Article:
The “freshman” 15 isn’t just about college students
by Christina Meyer-Jax MS, RD, Tastemaker in Residence
Yup its fall and the articles on “freshman 15” weight gain get some traction. How it happens and how to avoid it. But how much weight should we give this topic? (yes very bad pun intended) Truth is, according to a 2012 Auburn University study, the average weight gain is closer to 12 pounds and that’s spread over 4 years of undergraduate. Not 15, but not ideal. The other big concern, in addition to collegiate weight gain, is what weight potential lurks after…where does the scale tip post-graduation as people head out into the work world? Weight loss, gain, or maintain?
A 2013 Career Builder survey found that 41% of employees reported gaining weight at their present jobs. So let’s assume that we didn’t “shed” all the extra burgers, beer, and pizza from our college days. Now we are pushing 30 years old and probably more pounds than we’d like.
Why does this happen in both scenarios? The straight up facts...human behavior and environment. Many of the factors that lead to college weight gain, follow us into the working world (i.e. stress, lack of sleep, over scheduled, etc).
Last year I worked with the Google Food program to design healthy eating systems in the land of free and endless eating possibilities. Google (now known by its parent company Alphabet), as well as many Silicon Valley organizations, offers free meals and snacks to their hard working employees. And yes, there was often discussion if the “Google 15” was real as well.
Whether it’s the college or corporate years taking some tips from the tenets of behavioral science and nutritional science can make eating healthy easy. Yes it’s like a magic wand of wellness ☺
Just because it’s all you can eat doesn’t mean you should eat all you can. Human behavior drives us to “hot state” and/or impulsive choices. We eat with our eyes and the wonderful aromas of fried and creamy foods will also derail our best intentions.
- Make a game plan. Review menu on dining hall or cafe websites before you go. If that doesn’t happen then make an effort to scout out options in the dining hall/cafe before you start adding items to your plate.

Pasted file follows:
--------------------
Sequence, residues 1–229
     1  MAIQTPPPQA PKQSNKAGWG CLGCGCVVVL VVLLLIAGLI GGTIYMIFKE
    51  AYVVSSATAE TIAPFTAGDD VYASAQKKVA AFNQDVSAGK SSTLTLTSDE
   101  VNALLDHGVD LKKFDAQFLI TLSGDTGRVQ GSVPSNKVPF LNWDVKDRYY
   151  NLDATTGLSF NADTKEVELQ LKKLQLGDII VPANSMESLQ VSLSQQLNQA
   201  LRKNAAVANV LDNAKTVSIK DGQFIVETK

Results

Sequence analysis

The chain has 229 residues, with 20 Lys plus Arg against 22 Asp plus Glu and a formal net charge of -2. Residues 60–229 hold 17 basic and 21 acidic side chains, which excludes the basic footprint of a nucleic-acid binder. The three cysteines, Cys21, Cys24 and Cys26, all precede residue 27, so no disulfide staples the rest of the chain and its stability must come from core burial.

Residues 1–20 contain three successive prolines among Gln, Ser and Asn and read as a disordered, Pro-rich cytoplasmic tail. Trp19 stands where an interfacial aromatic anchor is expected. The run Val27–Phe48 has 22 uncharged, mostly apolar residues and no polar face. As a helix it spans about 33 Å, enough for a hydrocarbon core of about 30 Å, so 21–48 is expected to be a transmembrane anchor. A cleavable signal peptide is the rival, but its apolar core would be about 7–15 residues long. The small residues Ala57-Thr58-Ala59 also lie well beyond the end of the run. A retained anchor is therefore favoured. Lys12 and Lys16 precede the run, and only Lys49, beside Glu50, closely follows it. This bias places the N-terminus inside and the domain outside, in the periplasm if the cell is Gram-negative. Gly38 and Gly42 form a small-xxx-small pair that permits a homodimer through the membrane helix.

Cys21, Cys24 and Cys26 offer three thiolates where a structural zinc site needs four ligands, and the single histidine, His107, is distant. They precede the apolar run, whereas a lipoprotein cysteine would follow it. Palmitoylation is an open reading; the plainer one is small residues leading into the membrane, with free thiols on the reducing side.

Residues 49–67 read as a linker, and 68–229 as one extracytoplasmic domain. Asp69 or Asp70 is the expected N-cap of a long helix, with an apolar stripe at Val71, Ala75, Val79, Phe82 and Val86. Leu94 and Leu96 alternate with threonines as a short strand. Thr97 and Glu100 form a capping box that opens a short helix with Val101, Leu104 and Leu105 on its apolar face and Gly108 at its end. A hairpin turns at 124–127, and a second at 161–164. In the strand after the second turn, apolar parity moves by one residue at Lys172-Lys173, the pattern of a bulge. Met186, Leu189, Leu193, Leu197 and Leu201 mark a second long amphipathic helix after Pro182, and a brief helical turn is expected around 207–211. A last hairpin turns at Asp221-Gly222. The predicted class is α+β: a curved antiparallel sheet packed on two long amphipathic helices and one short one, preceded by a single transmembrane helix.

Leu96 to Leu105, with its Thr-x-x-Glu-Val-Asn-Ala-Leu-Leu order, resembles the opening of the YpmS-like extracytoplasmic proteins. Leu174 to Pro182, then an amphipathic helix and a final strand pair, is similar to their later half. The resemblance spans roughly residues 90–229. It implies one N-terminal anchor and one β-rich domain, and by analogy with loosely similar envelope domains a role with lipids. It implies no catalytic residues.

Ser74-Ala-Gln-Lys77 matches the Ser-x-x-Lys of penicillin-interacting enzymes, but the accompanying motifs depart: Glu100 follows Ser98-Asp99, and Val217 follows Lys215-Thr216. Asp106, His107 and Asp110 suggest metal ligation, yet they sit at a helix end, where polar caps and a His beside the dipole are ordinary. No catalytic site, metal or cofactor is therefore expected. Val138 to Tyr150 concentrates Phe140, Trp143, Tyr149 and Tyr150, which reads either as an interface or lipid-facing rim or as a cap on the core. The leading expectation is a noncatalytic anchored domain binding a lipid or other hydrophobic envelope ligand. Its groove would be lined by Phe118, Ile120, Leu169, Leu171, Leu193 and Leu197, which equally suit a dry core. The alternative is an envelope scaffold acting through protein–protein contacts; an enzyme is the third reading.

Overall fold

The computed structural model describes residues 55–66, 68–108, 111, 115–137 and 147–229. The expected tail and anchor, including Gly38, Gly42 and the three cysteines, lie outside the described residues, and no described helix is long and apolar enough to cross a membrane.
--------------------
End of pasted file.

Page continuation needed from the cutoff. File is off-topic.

- Apply the 10 + 1 + 20 rule to “all you can eat dining”. Choose a salad plate (~10 inches in diameter) + only use it 1 time (no seconds). Wait 20 minutes. Are you really hungry for more?
- Cook and/or prepare your own meals. Typically cheaper and you can control to the portions and ingredients. If you have time to hang out on your social media, you have time to Google, Pinterest, Instagram, and search Twitter for meal plans and food prep hacks. For college students having a mini-fridge can be a lifesaver for healthy breakfasts on the go. Whether it’s smoothies or overnight oats (here are some great starter recipes), these can be done ahead of time and will be key to starting your day off right.
Stress and perceived lack of time are big culprits to snacking binges. Here’s how to get a handle on those crazy hormones and neurotransmitters driving you to bag of cookies.
- Pack ahead snacks with protein and fiber. Satiety (feeling of fullness) is key for keeping your snack attacks in check. My favorites are raw nuts, whole piece of fruit, string cheese, cottage cheese, and bean dips with sprouted grain crackers (my favorite are Way Better Snacks). The key is it doesn’t need to be fancy…just tasty and easy.
- Hydrate and take a hike. Filling your up stomach with low or no calorie hydration helps you feel full and it crucial for feeling great in general. Next go on a walk, hike, bike, stroll, etc. Many snack attacks are averted by redirecting activity. Bonus, you get in a little exercise as well.
- Go mini. Research shows that the smaller the package the less that’s consume. The brain registers when you have completed a serving when the container is empty. And to be budget smart, buy good for you snack options in bulk, then portion them out in smaller containers. My new favorite on the go snack/lunch bag has compartments already built in for portion perfection.
It’s with love and the best intentions that parents and family members send care packages loaded with goodies. Unfortunately the all-you-can eat student dining and late night pizza is already challenging willpower and waistlines. This can be true for the “care packages” we bring into the office setting too. Whether it’s for our desks or employee break rooms, what we bring in can be a sabotage to our best health intentions. Here are some outside of the box items that could go inside the care package box:
- Mason jars to create on the go breakfast
- Re-useable travel mugs and cups
- Subscription to healthy snack delivery service and/or meal pack services for college students who have kitchens as part of their housing
- Gift cards (i.e. iTunes, Amazon, Target, etc)
- Fitness wearable (i.e. Fitbit, Jawbone, etc)
- Lunch box with container compartments
Whether it’s the “freshman 15” or the “corporate 15”, it ultimately comes down to setting yourself up for success. Willpower is limiting and relying on it is tiring. Create habits of planning ahead, packing ahead, and choosing smaller serving containers will help everyone look and feel better. To perform at high levels both academically and in the workplace you should treat your body like an athlete in training. Fueling big ideas also requires the right food inputs!